Dispatchers play a critical role in ensuring the success of a transit system. On any given week they may be juggling maintenance scheduling, parking, pulling NTD reporting for funding, scheduling routes, answering rider phone calls, troubleshooting hardware issues, and figuring out last minute changes when a driver calls out sick.
Small margins = Time to iterate
Gone are the days of on-call drivers waiting around in break rooms. If one driver calls out sick, agencies don’t have back-ups to fulfill the need. In some cases, dispatchers themselves are getting licenses and driving routes, in addition to their other responsibilities. If the driver shortage can’t be temporarily covered for, cuts are made to routes, therefore impacting service frequency. Many agencies have replaced some of their fixed routes with on-demand services since driving smaller vehicles does not require a special license.
Agencies are challenged with daily operational changes. The larger the agency the more of a domino effect one change can have. With complex interlining schedules one bus could be on eight different routes throughout the day. If that bus breaks down or the driver calls out sick, the dispatcher has to make immediate changes to numerous routes.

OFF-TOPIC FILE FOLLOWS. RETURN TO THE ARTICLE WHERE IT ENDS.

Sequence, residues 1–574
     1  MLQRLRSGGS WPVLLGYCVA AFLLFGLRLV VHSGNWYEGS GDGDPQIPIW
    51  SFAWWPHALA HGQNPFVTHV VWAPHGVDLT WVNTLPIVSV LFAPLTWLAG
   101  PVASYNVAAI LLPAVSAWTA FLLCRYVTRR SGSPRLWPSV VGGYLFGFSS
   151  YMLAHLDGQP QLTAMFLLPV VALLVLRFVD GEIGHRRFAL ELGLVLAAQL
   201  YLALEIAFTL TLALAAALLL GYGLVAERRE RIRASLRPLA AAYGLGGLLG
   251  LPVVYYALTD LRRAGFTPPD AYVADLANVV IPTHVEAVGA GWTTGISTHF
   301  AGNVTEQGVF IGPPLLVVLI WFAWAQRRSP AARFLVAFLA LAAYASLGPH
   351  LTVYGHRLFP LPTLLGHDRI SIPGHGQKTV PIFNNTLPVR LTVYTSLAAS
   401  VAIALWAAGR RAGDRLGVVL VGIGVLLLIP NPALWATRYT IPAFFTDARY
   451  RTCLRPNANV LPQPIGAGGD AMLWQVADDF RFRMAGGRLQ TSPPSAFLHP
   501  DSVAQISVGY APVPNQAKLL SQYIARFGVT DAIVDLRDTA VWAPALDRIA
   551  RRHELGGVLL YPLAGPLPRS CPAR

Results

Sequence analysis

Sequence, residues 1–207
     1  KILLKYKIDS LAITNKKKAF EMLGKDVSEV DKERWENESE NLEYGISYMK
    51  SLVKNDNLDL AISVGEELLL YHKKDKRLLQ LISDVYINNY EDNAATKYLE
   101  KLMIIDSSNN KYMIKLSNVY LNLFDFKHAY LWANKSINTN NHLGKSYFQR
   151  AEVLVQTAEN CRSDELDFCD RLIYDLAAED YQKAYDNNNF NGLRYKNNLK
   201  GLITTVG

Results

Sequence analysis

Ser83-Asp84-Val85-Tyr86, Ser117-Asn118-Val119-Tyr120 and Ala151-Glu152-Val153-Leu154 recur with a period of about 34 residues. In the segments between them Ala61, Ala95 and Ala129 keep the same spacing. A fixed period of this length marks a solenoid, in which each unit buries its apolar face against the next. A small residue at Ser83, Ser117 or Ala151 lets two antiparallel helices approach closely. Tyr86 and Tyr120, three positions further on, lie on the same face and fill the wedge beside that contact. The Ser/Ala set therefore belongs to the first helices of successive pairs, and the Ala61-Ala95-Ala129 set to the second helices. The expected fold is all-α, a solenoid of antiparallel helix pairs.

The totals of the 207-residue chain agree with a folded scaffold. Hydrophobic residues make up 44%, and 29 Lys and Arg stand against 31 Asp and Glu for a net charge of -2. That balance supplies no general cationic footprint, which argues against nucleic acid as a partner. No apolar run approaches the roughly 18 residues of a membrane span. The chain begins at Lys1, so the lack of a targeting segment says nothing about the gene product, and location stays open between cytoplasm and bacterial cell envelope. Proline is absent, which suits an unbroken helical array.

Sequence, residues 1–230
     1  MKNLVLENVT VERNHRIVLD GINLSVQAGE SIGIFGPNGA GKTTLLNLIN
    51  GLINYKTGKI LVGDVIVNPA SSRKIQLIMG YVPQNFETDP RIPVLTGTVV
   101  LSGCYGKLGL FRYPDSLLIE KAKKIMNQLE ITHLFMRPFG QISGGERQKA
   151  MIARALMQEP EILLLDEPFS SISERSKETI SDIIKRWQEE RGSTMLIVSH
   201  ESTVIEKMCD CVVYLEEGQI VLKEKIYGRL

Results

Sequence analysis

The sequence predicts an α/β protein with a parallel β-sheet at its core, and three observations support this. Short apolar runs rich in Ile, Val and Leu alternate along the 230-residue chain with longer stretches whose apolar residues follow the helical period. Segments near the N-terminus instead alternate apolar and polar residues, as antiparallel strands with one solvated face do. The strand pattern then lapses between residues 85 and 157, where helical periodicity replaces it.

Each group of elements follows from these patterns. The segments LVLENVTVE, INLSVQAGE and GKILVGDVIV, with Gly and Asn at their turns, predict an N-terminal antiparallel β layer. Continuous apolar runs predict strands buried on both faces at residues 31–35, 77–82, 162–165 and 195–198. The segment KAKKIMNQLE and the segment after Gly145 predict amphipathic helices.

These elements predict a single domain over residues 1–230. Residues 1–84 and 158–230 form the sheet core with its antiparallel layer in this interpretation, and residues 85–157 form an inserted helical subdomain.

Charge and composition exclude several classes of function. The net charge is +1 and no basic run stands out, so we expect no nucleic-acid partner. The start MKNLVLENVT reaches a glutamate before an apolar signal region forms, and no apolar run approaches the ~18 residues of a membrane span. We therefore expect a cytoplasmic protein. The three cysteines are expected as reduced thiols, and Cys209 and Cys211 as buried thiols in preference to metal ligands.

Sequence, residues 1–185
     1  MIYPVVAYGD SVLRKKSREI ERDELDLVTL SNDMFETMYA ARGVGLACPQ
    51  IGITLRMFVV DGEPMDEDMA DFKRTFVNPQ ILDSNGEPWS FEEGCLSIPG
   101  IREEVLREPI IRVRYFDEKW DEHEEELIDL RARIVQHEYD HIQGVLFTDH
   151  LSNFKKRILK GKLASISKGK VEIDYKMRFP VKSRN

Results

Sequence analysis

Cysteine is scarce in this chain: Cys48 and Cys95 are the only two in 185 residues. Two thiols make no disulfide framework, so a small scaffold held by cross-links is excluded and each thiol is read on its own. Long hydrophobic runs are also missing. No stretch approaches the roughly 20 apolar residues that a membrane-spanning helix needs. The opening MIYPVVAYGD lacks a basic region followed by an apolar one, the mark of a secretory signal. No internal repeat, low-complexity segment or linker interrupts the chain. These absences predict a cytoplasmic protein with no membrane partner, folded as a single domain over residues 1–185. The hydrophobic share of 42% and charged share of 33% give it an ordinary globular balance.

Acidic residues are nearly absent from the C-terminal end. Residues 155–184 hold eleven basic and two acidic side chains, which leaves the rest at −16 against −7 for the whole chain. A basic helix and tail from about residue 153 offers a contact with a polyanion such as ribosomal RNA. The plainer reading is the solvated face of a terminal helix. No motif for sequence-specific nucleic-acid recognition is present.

Technology is more complex
With the available hardware options to improve service data and the rider experience, systems are more complex. It’s no longer just one GPS device – one bus in a fleet may have five different pieces of hardware on it. With funding constraints and the rapid speed that technology changes, many agencies have older hardware devices. Dispatchers have to function as IT support when any of these devices break down to troubleshoot and try to limit impact on services for riders. Dispatch software makes these complexities simple by offering transit providers a holistic view of their day-to-day operations.
Communicating with riders
Since changes are happening so frequently, rider communication is more important than ever. Riders need to know if their stop won’t be coming today or if the route they are accustomed to taking has been consolidated. Real-time communication within the app or through push notifications is expected to mitigate confusion and frustration caused by last minute changes. If riders don’t get the information they need, they call into the agency and likely it is the dispatcher who is answering those calls.
Solving old problems in new ways
With limited resources, technological advancements, and real-time communication for riders being a necessity, dispatchers are faced with solving ongoing transit challenges in new ways. But, they’re not alone – we understand their challenges and can help. Our ecosystem of intelligent mobility solutions can ease the burden of day-to-day operations. We give you the tools to address those challenges with accurate and reliable data. So you can spend less time monitoring operations and more time developing solutions.